Tell me, Jared: how am I supposed to compose a fair review of a movie that seems - from start to finish, in tone and content, in the quiet beats between loud explosions and the loud beatings between quiet expositions - plucked directly from your twelve year-old brain? And, more than that, treats your Slurpee-induced reveries with such respect, such veneration?
In about ten years you'll discover John Updike and he'll offer some germane advice on this topic. In developing a series of guidelines that would define his criticism, he warned: "Do not accept for review a book you are predisposed to dislike, or committed by friendship to like. Do not imagine yourself a caretaker of any tradition, an enforcer of any party standards, a warrior in an ideological battle, a corrections officer of any kind."
You might not feel like a caretaker of tradition right now, but, when you hit your thirties, you'll find that you spend most of your free time caretaking the tradition of being twelve years-old. And though I'm not committed by friendship to like The Avengers, I am committed to you, twelve-year-old me - to seeking those unconditional, uncorrupted thrills that conjure you out the past - and that makes it impossible for me to apply the sort of ideological objectivity that Updike argues is essential to the critic's trade.
You'll find, as you get older, that it's easy to be cynical about almost everything--movies like The Avengers, in particular. Sure, the characters are commodities, pawns in the great big box office Ponzi scheme. But what does the context matter to you, childhood self? You don't care about the marketing budget or the promotional tie-ins or the per-screen averages. What matters most to you are the witty physics of the comic book world, the ecstasy of two opposing forces coming colorfully together: Thor dropping Mjolnir onto Cap's vibranium shield, Iron Man's mid-air suit-up, Loki's ill-planned sermon to the Hulk (who, with a single punch, forgives all of Ang Lee and Edward Norton's well-meant missteps). What matters to you is what's onscreen, and, from this future vantage point, I assure you that what's onscreen will exceed your expectations.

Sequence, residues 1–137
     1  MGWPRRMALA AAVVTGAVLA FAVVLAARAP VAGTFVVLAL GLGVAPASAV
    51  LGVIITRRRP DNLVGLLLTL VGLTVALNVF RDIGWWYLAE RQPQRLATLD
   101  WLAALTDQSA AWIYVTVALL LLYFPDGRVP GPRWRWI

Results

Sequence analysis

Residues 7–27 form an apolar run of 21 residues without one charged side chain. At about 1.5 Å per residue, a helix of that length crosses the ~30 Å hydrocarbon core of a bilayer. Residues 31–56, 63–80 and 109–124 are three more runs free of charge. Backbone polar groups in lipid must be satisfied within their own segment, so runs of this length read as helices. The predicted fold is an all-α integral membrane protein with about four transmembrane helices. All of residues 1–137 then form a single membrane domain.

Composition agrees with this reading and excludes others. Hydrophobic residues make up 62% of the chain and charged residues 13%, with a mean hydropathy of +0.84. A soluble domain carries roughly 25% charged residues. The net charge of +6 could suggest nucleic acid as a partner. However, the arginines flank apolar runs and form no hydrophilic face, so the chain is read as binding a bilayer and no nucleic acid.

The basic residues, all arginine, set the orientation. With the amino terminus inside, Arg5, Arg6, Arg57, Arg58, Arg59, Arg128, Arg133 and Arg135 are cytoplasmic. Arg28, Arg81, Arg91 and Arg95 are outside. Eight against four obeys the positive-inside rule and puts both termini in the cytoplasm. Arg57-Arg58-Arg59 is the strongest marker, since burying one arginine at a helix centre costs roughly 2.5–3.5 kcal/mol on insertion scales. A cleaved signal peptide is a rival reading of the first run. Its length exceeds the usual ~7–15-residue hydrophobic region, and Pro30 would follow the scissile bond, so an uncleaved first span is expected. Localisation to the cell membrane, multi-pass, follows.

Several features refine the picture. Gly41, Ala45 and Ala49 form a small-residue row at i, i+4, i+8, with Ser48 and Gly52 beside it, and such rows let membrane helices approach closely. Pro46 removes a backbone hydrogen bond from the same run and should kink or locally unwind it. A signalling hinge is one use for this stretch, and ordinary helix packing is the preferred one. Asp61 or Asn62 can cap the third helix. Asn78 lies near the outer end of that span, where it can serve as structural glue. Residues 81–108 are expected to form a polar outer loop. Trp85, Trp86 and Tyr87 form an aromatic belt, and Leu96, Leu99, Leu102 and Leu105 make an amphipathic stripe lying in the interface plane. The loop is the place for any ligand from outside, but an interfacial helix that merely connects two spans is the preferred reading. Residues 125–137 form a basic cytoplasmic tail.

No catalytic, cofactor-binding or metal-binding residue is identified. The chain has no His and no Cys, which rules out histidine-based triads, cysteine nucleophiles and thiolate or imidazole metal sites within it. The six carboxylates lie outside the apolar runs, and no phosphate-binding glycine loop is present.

We begin with an introduction to that most ineffable of MacGuffins: the Cosmic Cube (renamed, here, The Tesseract), which leads, of course, to dimensional portals, mind control, and alien invasions. The usual stuff. But it's not just the spectacle of computer effects that brings to life the world of the comics (they've come a long way since the liquid metal Terminator you're currently so enamored of); it's the miraculous feat of screenwriting that divides time equally between all six protagonists, giving each their moment of bombastic heroism, each their moment of existential worry; it's the characters you love brought brilliantly to life by actors who take seriously the responsibility of living up to a half-century's-worth of character notes; it's the pure pop expression of the superhero myth, which, in the Marvel Universe, was never a fantasy about control, but about a lack of it.
I have some bad news, me. You're soon going to learn that the world is a much more complicated place than you think. You've been raised to have faith in the credo that all things are possible, and that's a fine thing to believe, but passing time will prove it to be a figurative statement. It's not a matter of cynicism or optimism. It's a matter of knowledge. You're going to gain it. And sometimes knowledge sucks.
But I have some good news, too. Despite everything that's going to happen between now and now - all the disappointments, all the sad insights into the way the world really works, all the things you once thought possible so clearly revealed to be just the opposite - you have this one great thing to look forward to: a guy named Joss Whedon is going to make an Avengers movie, and he's going to make it just for you.
You, Age 32